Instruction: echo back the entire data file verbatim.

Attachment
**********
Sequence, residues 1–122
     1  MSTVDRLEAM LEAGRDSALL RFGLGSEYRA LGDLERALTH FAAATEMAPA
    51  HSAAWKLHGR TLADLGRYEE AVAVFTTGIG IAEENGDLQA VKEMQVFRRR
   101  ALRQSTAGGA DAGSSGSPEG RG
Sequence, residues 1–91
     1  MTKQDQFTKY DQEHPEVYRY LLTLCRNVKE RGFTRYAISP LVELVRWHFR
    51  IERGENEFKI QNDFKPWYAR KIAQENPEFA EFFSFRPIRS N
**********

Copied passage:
Sequence, residues 1–122
     1  MSTVDRLEAM LEAGRDSALL RFGLGSEYRA LGDLERALTH FAAATEMAPA
    51  HSAAWKLHGR TLADLGRYEE AVAVFTTGIG IAEENGDLQA VKEMQVFRRR
   101  ALRQSTAGGA DAGSSGSPEG RG
Sequence, residues 1–91
     1  MTKQDQFTKY DQEHPEVYRY LLTLCRNVKE RGFTRYAISP LVELVRWHFR
    51  IERGENEFKI QNDFKPWYAR KIAQENPEFA EFFSFRPIRS N